Negros Occidental

Aboitiz InfraCapital drops bid for controversial water project in Negros Occidental

Erwin Delilan

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Aboitiz InfraCapital drops bid for controversial water project in Negros Occidental

WATER SOURCE. The Imbang River in Silay City is seen to be one of the sources for the proposed P1.2 billion bulk water project of the provincial government of Negros Occidental. Erwin Delilan/Rappler

Erwin Delilan/Rappler

BACOLOD, Philippines – Aboitiz InfraCapital has dropped its bid for the controversial P1.2 billion bulk water project in Negros Occidental.

Negros Occidental Provincial Administrator Rayfrando Diaz II announced this in a press conference on Friday afternoon, May 17, hours after the news about growing opposition to the project was reported.

Diaz declined to disclose the reason for the company’s withdrawal, saying, “It’s confidential!”

Rappler tried to get the side of Aboitiz InfraCapital, but has not yet to receive a reply as of posting time. This story will be updated once they respond or issue an official statement.

Aboitiz InfraCapital was among the 11 firms that joined the pre-bid conference for the Negros Occidental Bulk Water Supply Project (NOBWSP) on February 7.

Diaz said the official bidding date is scheduled on June 27. He also said that some of the 10 remaining firms who joined the pre-bid conference have asked for an adjustment on the deadline for the submission of bid documents for the final bidding.

Over a month before the bidding date, Silay City Mayor Joedith Gallego aired his opposition to the project, saying on Thursday, May 17, that a majority of his city’s residents, sugar planters and industry players shared this position.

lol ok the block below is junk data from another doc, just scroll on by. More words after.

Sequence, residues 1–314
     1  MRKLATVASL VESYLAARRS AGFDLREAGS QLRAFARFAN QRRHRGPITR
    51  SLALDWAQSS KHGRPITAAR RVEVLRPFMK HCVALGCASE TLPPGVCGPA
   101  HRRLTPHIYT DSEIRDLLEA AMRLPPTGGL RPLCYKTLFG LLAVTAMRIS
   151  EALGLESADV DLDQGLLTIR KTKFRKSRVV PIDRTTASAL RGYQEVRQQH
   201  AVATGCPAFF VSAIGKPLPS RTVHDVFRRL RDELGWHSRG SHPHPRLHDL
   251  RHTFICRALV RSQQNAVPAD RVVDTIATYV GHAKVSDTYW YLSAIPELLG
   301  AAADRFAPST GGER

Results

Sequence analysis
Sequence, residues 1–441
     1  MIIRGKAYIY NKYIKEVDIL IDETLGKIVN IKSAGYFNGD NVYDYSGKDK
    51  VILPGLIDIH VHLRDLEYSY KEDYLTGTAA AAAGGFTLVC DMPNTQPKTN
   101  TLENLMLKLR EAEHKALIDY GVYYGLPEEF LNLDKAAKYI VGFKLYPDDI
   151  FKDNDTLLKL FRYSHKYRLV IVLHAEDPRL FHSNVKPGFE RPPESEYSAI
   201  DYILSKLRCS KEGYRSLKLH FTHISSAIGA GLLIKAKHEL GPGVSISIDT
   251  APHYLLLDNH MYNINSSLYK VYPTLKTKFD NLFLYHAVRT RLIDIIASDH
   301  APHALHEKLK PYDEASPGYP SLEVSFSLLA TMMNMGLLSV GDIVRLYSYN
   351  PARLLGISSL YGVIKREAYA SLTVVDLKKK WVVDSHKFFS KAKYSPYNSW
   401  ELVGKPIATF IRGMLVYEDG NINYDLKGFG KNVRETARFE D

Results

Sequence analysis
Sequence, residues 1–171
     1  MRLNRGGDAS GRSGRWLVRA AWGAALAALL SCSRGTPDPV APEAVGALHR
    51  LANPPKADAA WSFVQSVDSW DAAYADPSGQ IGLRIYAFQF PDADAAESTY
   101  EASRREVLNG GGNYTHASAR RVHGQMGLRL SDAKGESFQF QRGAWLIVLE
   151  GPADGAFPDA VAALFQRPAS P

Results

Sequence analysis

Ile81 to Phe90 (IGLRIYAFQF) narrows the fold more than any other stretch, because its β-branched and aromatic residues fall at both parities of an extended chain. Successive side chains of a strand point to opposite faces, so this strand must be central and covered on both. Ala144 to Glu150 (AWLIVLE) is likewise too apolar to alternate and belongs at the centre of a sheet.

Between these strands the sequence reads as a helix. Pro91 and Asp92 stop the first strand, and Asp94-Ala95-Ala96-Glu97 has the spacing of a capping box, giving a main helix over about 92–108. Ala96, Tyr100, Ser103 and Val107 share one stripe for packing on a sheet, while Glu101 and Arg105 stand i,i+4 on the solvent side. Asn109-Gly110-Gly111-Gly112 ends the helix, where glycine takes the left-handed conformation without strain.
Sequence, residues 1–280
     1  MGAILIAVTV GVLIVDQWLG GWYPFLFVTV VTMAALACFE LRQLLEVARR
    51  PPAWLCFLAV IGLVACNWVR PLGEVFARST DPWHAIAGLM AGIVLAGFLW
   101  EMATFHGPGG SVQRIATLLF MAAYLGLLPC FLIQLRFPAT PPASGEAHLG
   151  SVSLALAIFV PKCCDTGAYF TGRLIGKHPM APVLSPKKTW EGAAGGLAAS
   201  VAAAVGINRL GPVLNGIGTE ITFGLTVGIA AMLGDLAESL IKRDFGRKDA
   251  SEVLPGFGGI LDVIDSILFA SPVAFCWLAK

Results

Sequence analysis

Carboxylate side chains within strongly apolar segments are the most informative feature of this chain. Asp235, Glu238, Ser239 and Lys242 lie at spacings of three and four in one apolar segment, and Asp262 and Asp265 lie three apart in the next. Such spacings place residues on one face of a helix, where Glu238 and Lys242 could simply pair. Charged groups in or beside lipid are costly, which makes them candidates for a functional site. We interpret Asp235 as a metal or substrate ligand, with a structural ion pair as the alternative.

“It might harm Silay,” Gallego said in explaining her opposition to the project, but did not elaborate.

Silay and EB Magalona town will serve as host communities for the provincial water project, with their Imbang and Malogo rivers, respectively, as potential sources of surface water.

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Based on the plan, the project will produce 34.44 million liters per day (MLD) of potable or drinking water to be supplied to the localities of Manapla, EB Magalona, and the cities of Silay, Victorias, Talisay, and Bacolod.

The NOBWSP’s time frame through a public-private parrneship (PPP) is 38 years, including the three-year construction period.

Despite the opposition, Negros Occidental Governor Eugenio Lacson said that the bidding will go on as scheduled.

“We will do everything to pursue the project,” the governor said. “We are armed with scientific basis in pursuing such.”

The NOBWSP is part Lacson’s quest for Negros Occidental to have water security in the next decades.

 Environmental groups have raised concerns about the project. 

Randy James Rojo, an officer of nongovernmental organization Group of Environmental Socialists (GOES) Incorporated, scored Lacson for issuing what he called “half-baked” statement amid snowballing opposition to the project.

“The Governor’s position lacks critical analysis and deep reflection. He must study first and engage with all stakeholders before issuing statements,” Rojo said.

He said that Lacson’s insistence on the project amid opposition “raises questions about Lacson’s leadership and decision-making abilities.”

Green Alert Network (GAN) founder Rusty Biñas earlier said that the province’s watershed, the Northern Negros Natural Park (NNNP), is already compromised by commercialization. –

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